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Key principles for a national clinical decision support knowledge sharing framework

08/06/2012
This is huge. Pharmacists need to get involved with this movement, or risk becoming obsolete.  This is far more important from a clinical standpoint the the work being done at the Pharmacy HIT Collaborative.  Agree?  Disagree?  Lets have a discussion.

J Am Med Inform Assoc doi:10.1136/amiajnl-2012-000887http://jamia.bmj.com/content/early/2012/08/03/amiajnl-2012-000887.abstract
  • Research and applications

Key principles for a national clinical decision support knowledge sharing framework: synthesis of insights from leading subject matter experts

  1. Kensaku Kawamoto1
  2. Tonya Hongsermeier2
  3. Adam Wright3
  4. Janet Lewis2
  5. Douglas S Bell4,
  6. Blackford Middleton5
  • Received 6 February 2012
  • Accepted 18 July 2012
  • Published Online First 4 August 2012

Abstract

Objective To identify key principles for establishing a national clinical decision support (CDS) knowledge sharing framework.

Materials and methods As part of an initiative by the US Office of the National Coordinator for Health IT (ONC) to establish a framework for national CDS knowledge sharing, key stakeholders were identified. Stakeholders' viewpoints were obtained through surveys and in-depth interviews, and findings and relevant insights were summarized. Based on these insights, key principles were formulated for establishing a national CDS knowledge sharing framework.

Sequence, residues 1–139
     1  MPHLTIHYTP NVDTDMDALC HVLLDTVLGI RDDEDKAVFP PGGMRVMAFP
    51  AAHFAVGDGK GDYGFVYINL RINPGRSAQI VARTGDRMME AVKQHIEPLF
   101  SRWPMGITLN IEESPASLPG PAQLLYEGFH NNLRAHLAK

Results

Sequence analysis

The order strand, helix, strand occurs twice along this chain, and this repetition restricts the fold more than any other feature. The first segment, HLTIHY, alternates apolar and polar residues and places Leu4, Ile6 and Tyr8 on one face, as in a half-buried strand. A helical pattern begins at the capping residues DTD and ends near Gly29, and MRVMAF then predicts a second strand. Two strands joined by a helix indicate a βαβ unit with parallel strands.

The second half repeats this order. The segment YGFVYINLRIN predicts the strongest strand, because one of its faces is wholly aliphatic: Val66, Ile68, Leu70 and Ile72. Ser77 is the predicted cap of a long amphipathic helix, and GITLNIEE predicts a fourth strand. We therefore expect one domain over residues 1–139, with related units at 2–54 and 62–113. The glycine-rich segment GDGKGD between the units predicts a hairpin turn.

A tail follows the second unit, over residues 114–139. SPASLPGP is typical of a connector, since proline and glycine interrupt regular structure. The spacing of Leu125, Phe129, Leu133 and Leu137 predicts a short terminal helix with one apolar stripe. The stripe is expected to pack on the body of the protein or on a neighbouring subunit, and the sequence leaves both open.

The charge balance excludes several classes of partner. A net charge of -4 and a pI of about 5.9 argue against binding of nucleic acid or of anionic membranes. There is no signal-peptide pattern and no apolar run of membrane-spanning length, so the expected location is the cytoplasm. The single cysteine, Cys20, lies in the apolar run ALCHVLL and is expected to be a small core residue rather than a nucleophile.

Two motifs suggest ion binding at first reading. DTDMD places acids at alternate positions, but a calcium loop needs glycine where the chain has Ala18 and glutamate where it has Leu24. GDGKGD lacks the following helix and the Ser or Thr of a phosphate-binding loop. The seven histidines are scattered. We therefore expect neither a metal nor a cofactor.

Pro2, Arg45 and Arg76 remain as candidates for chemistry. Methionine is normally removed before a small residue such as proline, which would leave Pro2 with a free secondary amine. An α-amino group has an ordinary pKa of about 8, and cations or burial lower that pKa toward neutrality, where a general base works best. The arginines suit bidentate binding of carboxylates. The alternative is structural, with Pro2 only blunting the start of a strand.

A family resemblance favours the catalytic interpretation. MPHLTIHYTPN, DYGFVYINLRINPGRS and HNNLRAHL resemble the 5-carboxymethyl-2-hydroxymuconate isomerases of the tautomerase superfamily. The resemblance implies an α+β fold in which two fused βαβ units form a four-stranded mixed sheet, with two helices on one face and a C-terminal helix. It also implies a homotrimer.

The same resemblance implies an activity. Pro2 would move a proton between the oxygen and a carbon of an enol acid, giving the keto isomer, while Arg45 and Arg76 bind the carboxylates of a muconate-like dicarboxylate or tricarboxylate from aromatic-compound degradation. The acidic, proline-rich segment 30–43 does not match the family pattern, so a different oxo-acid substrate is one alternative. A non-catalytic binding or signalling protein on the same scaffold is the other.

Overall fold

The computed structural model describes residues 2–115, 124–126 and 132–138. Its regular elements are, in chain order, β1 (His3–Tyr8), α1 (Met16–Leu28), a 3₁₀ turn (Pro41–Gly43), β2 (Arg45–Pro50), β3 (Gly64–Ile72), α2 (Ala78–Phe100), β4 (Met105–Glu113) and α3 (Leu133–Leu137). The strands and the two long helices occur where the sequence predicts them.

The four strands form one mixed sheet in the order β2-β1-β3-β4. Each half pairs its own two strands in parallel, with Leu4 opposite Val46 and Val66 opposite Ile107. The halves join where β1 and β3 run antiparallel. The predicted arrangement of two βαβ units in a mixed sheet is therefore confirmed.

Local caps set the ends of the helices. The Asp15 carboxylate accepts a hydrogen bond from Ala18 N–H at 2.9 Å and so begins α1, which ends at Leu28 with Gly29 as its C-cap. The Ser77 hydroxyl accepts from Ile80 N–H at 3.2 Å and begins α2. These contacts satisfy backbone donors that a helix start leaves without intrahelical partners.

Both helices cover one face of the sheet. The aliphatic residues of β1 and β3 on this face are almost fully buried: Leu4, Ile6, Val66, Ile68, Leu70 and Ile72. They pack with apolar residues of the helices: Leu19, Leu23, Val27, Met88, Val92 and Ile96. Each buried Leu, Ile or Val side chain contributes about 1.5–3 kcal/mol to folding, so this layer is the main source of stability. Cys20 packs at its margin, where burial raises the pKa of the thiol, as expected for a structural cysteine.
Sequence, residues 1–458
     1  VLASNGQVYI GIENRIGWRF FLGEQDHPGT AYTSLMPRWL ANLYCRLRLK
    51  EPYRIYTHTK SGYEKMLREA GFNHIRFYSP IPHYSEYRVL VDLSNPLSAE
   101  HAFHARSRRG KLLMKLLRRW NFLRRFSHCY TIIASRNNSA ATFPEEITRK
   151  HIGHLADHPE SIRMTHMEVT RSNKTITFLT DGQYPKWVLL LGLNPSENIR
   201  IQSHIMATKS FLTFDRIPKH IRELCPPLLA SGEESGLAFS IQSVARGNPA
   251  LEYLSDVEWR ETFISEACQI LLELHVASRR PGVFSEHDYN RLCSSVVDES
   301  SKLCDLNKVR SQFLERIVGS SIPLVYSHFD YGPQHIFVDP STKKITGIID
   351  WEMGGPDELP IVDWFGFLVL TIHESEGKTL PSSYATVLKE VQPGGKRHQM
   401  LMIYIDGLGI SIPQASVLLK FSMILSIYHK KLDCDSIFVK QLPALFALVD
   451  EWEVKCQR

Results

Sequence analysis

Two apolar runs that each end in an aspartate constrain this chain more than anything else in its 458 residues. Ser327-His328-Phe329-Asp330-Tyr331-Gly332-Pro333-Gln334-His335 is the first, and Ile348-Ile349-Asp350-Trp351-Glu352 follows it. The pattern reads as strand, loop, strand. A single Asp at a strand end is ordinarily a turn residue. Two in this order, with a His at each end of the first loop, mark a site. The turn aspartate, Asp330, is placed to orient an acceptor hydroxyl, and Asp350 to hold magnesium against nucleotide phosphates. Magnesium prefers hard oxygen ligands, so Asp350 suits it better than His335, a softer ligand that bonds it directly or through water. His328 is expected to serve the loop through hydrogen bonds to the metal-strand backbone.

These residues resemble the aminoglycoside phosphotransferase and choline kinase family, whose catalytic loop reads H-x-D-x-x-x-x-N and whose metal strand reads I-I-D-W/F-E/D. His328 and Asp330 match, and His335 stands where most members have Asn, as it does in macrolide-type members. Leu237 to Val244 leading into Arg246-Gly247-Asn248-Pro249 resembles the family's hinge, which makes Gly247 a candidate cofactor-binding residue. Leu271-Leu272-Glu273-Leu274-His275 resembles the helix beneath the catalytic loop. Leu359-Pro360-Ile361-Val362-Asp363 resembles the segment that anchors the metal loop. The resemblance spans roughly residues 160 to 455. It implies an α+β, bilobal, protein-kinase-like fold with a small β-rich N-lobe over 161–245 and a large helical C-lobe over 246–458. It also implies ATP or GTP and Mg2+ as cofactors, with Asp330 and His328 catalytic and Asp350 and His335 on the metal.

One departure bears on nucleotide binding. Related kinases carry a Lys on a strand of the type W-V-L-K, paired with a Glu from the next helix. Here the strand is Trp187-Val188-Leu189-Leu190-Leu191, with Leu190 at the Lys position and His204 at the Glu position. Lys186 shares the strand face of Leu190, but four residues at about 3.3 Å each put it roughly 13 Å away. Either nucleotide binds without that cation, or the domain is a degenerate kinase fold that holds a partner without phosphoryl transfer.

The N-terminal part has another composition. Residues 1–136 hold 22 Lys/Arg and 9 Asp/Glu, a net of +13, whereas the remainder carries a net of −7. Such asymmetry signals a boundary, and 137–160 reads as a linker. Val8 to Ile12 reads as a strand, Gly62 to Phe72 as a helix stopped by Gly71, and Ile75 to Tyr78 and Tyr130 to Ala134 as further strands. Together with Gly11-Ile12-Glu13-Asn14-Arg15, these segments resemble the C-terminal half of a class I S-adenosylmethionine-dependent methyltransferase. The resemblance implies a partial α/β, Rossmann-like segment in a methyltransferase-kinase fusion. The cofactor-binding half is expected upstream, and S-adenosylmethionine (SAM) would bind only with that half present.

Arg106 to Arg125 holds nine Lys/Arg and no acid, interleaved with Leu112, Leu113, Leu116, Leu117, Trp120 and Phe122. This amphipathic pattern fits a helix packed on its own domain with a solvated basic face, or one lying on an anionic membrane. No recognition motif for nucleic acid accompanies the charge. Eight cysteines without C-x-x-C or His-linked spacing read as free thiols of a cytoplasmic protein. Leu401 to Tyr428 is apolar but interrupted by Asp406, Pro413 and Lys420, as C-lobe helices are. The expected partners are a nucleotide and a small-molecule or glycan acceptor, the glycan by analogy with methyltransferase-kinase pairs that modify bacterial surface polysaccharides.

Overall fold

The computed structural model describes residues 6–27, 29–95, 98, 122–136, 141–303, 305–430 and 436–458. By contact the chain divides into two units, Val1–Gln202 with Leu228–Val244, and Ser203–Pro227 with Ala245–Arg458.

Results Nineteen key stakeholders were recruited, including six executives from electronic health record system vendors, seven executives from knowledge content producers, three executives from healthcare provider organizations, and three additional experts in clinical informatics. Based on these stakeholders' insights, five key principles were identified for effectively sharing CDS knowledge nationally. These principles are (1) prioritize and support the creation and maintenance of a national CDS knowledge sharing framework; (2) facilitate the development of high-value content and tooling, preferably in an open-source manner; (3) accelerate the development or licensing of required, pragmatic standards; (4) acknowledge and address medicolegal liability concerns; and (5) establish a self-sustaining business model.

Discussion Based on the principles identified, a roadmap for national CDS knowledge sharing was developed through the ONC's Advancing CDS initiative.

Conclusion The study findings may serve as a useful guide for ongoing activities by the ONC and others to establish a national framework for sharing CDS knowledge and improving clinical care.

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